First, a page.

Today, where am I living? What does my abode look like? Am I using it and enjoying it in a way that honors and pleases God? Am I sharing it with others--even sending them out the door with gifts and reminders of the grace of God? Am I abiding in the teachings of Christ? (2 John 9).

Saturday, November 21, 2009

When the I Am Says There You Are

Have you ever had one of those incredible realizations that the thing you've struggled with for months, even years, has a name? And, suddenly, without Hollywood music or drama, the name creeps into your thoughts. It swirls around until it makes its way to your tongue and you speak it aloud. And now, now that your ears have heard what your heart has spoken, there is a sense of freedom though nothing, nothing at all, has changed.

I had one of those moments the other day. In keeping up the suspense--which I'm afraid will be utterly shattered once I tell you my secret--it is something that has followed me for decades. I remember where I was when I confessed this struggle to God during a half-day of personal prayer and retreat, but I didn't have a name. I didn't know what it was or why it was, only that it accompanied me day in and day out, haunting my thoughts, affecting my words and actions.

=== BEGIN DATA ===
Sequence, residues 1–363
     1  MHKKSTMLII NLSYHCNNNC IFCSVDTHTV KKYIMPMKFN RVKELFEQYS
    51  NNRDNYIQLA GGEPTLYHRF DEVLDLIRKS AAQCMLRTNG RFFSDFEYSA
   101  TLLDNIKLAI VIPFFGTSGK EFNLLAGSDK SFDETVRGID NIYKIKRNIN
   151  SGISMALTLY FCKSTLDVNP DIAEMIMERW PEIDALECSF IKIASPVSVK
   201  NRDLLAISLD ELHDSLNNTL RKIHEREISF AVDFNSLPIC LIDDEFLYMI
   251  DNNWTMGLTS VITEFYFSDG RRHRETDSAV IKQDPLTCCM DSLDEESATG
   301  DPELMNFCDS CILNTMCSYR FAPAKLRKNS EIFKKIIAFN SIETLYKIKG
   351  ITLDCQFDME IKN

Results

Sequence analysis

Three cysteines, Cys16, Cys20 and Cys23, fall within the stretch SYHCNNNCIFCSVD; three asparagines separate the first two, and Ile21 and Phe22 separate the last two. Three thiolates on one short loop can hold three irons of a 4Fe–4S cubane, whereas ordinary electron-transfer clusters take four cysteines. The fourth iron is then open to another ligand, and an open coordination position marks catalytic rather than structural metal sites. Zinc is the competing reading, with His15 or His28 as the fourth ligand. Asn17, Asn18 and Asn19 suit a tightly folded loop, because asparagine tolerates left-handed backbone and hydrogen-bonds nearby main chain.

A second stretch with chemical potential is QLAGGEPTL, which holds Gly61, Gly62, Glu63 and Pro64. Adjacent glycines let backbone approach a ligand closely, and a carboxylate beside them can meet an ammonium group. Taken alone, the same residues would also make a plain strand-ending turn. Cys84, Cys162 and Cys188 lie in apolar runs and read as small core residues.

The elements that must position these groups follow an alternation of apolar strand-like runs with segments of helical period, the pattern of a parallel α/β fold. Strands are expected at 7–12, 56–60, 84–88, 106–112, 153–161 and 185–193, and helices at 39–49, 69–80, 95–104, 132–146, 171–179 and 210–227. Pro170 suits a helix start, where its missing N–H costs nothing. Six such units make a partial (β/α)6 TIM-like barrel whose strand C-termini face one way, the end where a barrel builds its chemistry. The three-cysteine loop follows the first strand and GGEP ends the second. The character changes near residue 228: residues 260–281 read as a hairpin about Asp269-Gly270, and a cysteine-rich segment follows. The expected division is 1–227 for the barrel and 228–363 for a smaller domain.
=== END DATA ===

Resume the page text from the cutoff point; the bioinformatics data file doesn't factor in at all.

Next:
Now it has a name and I can begin to address the heart issue (although I am confident it will be with me until the moment I die). The name my heart whispered to my mind was, "here I am." As I moved into my day, heart pounding, brain whirring, I whispered, "here I am." That's it. You may be disappointed in the revelation, but only because you don't understand. "Here I am" had become my daily, hourly cry.

When my prayer request went unanswered, my voiceless cry echoed, "here I am." When my husband worked overtime in the fields, my muted actions called, "here I am." When my children complained and whined about the unfairness of life, I wanted to respond, "here I am." But I didn't know how. I didn't understand my frustration, my anger, my resentment or bitterness.